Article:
“Go therefore and make disciples of all the nations, baptizing them in the name of the Father and of the Son and of the Holy Spirit.” (Matthew 28:19)
“And He said to them, ‘Go into all the world and preach the gospel to every creature.’” (Mark 16:15)
The Bible tells us many times to evangelize, to teach the word to all. But how? It’s really difficult to stand in front of people and firmly tell them what you believe and why. It can be challenging to find the right words so that you’re admonishing in truth but not being rude.
The easiest way to start teaching others is through example. Wait, I don’t have to say anything? Well, not at first. If you show Christ through everything you do, eventually someone will start asking questions. It is a lot easier to tell someone about your faith when they truly want to know.
Ways you can lead through example are:
- Going out of your way to be the nice person. Don’t just stand there when someone drops a pencil in class, go be the first to pick it up for them, then add “Have a great day.” When a friend needs some money to purchase their meal, give it to them, and don’t accept anything in return.
- Showing Christ through every activity. Even though your practice leads to you getting that home run or lead role, God should still be thanked for the opportunity of getting that far. Bringing up Christ throughout all your daily activities will show others how you really mean it when you say “Christ lives in me.” Next time the new schedule is given out for that club you are in, tell them ahead of time, “I won’t be here on (these dates) because I participate in Bible Bowl with my youth group / I have Wednesday night Bible class.” Stand firm in how you dedicate your life to Christ.
- Humbling yourself. Just because you are a good person doesn’t mean you “deserve” to be class president. Don’t go around talking others down or talking yourself up because you feel bad; channel that anger elsewhere (see point one).
To lead someone to Christ, Bible studies are key. In order for someone who came from a different doctrine to fully understand the scriptures, they’re going to need some help. By asking them to meet up and discuss a few Bible topics, you could give them the final encouragement or knowledge they need to obey the gospel. The hardest thing is knowing what to say (trust me, I know). You can overcome this obstacle by asking someone who knows a lot about the Bible (your preacher, an elder, a parent, a friend) to come and help with the Bible studies. My first time was late one night at Bible camp, and I was so nervous that I would forget where a verse was or something, that I had my preacher come and help. There is no shame is being prepared.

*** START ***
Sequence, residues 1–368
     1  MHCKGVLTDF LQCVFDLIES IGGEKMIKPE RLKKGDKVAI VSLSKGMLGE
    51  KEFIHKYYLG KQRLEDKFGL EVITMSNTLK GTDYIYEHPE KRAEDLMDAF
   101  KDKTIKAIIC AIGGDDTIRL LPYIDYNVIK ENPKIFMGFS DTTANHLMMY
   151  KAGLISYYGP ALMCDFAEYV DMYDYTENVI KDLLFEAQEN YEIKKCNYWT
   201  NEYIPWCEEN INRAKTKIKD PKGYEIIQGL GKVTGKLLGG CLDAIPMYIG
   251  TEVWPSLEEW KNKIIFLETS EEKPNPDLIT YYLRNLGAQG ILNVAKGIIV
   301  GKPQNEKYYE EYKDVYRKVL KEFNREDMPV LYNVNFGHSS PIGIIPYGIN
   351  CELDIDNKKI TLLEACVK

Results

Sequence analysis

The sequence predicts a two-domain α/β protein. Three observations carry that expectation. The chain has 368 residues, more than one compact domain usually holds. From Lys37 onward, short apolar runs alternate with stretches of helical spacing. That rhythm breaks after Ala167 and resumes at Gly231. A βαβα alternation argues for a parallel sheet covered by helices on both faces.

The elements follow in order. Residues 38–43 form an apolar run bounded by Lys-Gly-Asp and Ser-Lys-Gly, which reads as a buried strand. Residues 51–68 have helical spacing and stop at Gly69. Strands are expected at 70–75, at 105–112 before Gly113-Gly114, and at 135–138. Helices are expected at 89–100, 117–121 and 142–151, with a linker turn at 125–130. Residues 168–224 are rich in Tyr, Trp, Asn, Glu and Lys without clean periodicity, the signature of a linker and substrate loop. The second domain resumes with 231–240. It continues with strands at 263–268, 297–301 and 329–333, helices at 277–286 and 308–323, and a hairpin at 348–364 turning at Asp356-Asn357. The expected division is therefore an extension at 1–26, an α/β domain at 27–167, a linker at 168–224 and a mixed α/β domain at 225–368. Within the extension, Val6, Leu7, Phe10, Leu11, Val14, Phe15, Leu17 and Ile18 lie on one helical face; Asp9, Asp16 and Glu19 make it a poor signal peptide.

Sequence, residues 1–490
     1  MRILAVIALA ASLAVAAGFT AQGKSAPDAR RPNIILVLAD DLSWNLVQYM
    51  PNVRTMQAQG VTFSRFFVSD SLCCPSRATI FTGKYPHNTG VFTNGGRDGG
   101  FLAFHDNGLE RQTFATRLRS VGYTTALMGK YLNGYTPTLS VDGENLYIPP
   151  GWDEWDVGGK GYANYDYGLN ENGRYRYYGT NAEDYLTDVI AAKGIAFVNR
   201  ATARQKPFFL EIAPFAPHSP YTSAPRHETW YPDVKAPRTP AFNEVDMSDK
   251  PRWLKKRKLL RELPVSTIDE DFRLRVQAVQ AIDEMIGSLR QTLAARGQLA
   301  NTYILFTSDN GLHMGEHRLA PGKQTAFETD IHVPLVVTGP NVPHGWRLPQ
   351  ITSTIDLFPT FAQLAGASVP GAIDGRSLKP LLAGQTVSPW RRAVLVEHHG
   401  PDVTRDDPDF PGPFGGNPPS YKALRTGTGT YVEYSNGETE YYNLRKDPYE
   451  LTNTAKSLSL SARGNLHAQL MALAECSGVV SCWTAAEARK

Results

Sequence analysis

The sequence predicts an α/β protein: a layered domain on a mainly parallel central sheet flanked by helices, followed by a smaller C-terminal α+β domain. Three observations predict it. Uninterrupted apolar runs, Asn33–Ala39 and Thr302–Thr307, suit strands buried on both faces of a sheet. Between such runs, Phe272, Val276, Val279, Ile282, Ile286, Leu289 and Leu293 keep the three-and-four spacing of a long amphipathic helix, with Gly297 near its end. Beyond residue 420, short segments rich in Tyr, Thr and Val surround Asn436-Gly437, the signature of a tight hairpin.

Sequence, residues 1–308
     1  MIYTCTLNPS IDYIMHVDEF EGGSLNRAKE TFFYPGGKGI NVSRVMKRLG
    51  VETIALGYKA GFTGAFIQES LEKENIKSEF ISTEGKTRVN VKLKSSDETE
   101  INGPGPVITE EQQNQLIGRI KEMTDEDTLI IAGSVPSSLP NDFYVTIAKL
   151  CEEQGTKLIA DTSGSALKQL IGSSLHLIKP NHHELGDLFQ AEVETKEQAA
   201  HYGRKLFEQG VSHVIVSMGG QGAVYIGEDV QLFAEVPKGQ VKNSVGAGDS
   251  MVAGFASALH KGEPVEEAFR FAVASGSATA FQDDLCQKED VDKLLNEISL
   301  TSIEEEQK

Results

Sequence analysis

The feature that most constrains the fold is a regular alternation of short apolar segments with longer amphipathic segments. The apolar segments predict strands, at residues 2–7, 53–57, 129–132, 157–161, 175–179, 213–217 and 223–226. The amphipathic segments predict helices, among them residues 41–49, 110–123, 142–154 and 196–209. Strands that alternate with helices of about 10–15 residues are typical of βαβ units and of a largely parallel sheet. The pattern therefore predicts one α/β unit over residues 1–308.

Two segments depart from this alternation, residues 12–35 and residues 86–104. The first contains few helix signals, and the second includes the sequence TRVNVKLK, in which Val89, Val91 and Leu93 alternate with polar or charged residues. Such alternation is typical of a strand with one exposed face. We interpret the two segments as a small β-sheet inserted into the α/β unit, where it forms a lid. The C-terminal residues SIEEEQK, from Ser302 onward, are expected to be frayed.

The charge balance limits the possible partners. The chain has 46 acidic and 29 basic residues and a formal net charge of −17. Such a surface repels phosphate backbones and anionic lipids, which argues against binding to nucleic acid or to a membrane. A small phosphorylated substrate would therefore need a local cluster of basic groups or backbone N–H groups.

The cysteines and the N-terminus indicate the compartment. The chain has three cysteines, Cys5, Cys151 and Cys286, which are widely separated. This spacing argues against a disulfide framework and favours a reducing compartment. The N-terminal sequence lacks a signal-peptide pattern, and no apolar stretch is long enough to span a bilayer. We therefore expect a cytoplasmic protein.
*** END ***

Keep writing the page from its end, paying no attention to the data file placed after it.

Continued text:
Once you’ve invited them to study and set a date and time, you’re ready to go. To start, you could talk to them about Biblical matters they are unsure of (if you already know what they have questions about). If not, three questions to start with could be: Is there a God? Is heaven real? How do you obey the gospel? First, they need to have an understanding of God and the Bible before they can really understand why they have to “obey the gospel” and follow the Bible, so I would start with their understanding of God (His mercy, His love, how He is constant, He is all-powerful, etc.).
Some tips with Bible studies:
- Never argue/target them. When people argue, they do it to prove their side, not learn from the other side. While you don’t need to beat around the bush, debating them just makes them put up their guard and try to defend what they still believe. Try to ask them why they think certain ways, then show them what the scriptures say. Show them the logic in what is right, and explain with examples.
- Don’t jump from topic to topic, until the last one is resolved. When a person is proven wrong, they will try to avoid the subject. Until they affirm that the truth is right, they’re still fighting that belief that they are wrong. It’s hard to be told what you know is not right, do give them time to prove to themselves what the evidence shows.
- Be sensitive. If you study with someone who is Baptist, it’s not the brightest idea to say “They were stupid for believing _____” or “Those denominations don’t know what they’re talking about.” Whether it’s true or not, it doesn’t have to be said. This person you are studying with probably has an entire family in the Baptist church, and insulting them will likely make them feel hurt or upset.
- Lastly, Scriptures, scriptures, scriptures! You cannot make someone believe the sky is red without lots of proof/evidence. The same is with faith: you have to use verses to back up your claims. Just saying “Baptism is essential to becoming a Christian” won’t change their views. But, after saying it, showing them Galatians 3:27, 1Pter 3:21, Acts 2:38 and 22:18, and Romans 6:3-5 might persuade them.
You don’t have to take this information and do it, but you could bring many to Christ by doing so. Everyone is called to teach the word; there are too many lost souls to sit back and let others do the work.
By Lydia Todd
Lydia is from Yorkville, TN (the middle of nowhere) and is a 16-year-old sophomore in high school. Lydia loves to do just about everything.. if she’s tried it she most likely still does it now. She plays soccer, is in the band, and plans to go to Freed-Hardeman University and eventually become a counselor/psychologist.